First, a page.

Norway’s $1.3tn oil fund will screen the hundreds of new companies it adds to its portfolio each year for environmental, social and governance risks as the world’s largest sovereign wealth fund seeks to regain its place as one of the leading responsible investors across the globe.
Nicolai Tangen, chief executive of the fund, told Norway’s parliament on Monday that it had only screened the biggest new companies for such risks before adding them to its portfolio while the smallest companies were added automatically.
Now the fund will screen all the 500 to 600 companies that are typically added to its reference index each year and decide whether to invest in them or not, or start active ownership measures such as monitoring.
“It’s a very natural extension of what we’ve been doing. You just don’t want to have rotten apples. You want to keep the worst companies out,” Tangen told the Financial Times after the parliamentary hearing.
Norway’s oil fund was one of the pioneers of ethical investing this century and has attracted heavy attention for its exclusions of entire industries such as tobacco, nuclear weapons and, more recently, coal as well as divestments of individual companies such as Walmart for breaching labour rights and Rio Tinto for environmental damage.
But in recent years many other investors have focused on ESG risks, and the oil fund has faced criticism in Norway for being slow to keep up. Starting this year, the fund is publishing its voting intentions for all annual meetings five days beforehand.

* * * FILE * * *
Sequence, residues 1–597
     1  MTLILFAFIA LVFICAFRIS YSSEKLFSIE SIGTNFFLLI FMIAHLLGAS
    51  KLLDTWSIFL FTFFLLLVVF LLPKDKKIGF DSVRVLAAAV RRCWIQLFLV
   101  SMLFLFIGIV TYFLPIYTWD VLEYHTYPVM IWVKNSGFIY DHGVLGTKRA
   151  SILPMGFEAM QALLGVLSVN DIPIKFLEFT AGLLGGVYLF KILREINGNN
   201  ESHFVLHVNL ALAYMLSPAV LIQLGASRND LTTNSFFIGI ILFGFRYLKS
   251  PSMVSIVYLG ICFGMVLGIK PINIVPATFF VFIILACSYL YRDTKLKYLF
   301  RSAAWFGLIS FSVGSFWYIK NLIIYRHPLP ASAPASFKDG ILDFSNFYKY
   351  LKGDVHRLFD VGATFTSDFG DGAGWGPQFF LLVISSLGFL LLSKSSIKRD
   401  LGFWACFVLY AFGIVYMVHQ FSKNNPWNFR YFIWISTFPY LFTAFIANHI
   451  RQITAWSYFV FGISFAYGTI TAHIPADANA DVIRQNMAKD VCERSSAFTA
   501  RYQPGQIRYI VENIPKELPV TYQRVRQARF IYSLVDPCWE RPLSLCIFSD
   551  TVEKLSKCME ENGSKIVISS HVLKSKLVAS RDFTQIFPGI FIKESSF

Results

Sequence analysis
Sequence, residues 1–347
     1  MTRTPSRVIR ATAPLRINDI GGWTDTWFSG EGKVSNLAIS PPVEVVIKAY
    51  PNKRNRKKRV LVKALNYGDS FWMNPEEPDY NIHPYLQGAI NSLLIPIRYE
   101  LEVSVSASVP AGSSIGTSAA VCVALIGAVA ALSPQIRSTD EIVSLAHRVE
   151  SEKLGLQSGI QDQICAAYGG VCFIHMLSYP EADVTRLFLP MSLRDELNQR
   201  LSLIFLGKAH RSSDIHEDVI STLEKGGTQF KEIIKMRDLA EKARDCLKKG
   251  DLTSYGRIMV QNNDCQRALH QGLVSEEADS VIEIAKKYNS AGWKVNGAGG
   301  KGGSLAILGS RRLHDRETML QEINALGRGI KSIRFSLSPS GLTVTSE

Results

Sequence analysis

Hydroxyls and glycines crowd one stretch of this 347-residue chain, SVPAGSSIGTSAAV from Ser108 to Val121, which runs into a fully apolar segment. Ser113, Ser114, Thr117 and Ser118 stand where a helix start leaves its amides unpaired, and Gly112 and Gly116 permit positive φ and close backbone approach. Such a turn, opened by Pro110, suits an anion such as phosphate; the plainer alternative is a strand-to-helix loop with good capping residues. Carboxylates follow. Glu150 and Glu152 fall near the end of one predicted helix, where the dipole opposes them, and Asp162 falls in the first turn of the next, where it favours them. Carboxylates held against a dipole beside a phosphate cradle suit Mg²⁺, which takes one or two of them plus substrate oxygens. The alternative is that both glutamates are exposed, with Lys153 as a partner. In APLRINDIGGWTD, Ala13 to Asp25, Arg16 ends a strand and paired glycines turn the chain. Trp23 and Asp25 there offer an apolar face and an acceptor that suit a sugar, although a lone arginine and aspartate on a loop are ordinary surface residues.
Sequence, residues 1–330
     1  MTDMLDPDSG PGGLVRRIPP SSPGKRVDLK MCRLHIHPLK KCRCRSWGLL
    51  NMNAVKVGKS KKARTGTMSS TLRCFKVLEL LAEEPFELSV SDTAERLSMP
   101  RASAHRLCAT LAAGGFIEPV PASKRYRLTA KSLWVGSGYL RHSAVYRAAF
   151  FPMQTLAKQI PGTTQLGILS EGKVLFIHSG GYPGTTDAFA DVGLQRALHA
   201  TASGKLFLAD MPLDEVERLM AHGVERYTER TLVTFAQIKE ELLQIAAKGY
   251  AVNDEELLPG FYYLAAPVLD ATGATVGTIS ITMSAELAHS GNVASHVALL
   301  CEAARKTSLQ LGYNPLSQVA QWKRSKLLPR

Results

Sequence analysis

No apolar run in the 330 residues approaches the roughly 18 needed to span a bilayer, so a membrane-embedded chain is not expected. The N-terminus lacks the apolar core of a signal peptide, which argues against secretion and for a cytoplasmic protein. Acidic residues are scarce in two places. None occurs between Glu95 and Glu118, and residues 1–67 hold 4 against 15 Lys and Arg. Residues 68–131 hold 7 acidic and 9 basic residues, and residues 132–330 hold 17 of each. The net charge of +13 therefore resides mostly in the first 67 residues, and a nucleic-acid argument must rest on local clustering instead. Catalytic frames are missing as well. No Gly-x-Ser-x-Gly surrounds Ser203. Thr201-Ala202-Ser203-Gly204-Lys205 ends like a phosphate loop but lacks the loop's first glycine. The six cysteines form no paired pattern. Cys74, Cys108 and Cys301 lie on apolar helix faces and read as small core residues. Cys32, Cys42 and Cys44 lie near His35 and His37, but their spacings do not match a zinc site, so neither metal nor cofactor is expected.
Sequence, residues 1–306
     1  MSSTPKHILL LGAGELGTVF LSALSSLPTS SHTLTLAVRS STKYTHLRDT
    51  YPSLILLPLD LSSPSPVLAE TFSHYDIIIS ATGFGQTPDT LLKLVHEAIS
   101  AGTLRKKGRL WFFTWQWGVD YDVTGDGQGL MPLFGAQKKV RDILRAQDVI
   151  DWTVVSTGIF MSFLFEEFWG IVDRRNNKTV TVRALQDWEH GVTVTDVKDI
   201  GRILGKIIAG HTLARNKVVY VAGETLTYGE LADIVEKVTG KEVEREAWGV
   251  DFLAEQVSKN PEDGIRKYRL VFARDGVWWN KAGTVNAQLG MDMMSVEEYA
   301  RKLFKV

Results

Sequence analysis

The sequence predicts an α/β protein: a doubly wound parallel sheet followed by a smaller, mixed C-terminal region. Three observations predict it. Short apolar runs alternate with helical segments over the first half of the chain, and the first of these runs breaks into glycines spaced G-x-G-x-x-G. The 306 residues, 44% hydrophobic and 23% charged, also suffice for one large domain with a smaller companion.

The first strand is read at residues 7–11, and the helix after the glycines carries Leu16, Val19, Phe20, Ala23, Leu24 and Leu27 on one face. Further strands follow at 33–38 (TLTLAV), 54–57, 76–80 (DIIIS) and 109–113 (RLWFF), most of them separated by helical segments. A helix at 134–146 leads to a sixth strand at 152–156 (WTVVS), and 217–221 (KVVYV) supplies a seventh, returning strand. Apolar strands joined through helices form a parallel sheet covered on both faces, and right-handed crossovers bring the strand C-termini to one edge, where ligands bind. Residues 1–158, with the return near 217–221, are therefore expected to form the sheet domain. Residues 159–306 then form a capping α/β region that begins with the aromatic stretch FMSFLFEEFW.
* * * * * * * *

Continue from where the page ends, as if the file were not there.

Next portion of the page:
Tangen told parliament on Monday that he had been impressed by the fund’s ESG work but that it was “far from done”, adding that he wanted it to become a global leader in responsible investment.
Asked by the FT if that meant he conceded the fund was no longer a leader, Tangen said: “It’s very important never to call yourself a leader in anything. It’s always better to be an underdog. There’s always room to improve.”
Oystein Olsen, governor of Norway’s central bank, which houses the oil fund, said: “The world is continuously changing, it’s not standing still. There are new challenges. To be a global leader, which is still the ambition, we have to move on.”
Tangen insisted the screening of newly listed companies was “not a function of IPO quality going down” but was merely something the fund needed to do. Its task will be made easier since the government decided this year to cut the number of companies in its reference index from the current 9,000 to about 6,600.
Of the 500 to 600 new companies in which the fund invests in a typical year, about 50 per cent to 70 per cent are in developed markets and go automatically into the portfolio. The remaining 30 per cent to 50 per cent are in emerging markets, where the fund uses external portfolio managers who avoid about two-thirds of companies in the index, the fund added.
That means the new screening will mostly affect smaller companies in developed markets such as the US and Europe. The fund has sold out of about 300 companies since 2012 due to ESG problems, something it calls risk-based divestments.